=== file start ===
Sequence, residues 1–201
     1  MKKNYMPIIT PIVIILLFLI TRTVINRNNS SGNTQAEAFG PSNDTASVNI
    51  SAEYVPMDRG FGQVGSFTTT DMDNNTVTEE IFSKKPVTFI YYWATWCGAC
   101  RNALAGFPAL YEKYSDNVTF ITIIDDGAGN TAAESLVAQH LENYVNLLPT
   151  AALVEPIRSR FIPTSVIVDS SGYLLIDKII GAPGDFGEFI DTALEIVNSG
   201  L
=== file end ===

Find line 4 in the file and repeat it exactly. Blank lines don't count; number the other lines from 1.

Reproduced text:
   101  RNALAGFPAL YEKYSDNVTF ITIIDDGAGN TAAESLVAQH LENYVNLLPT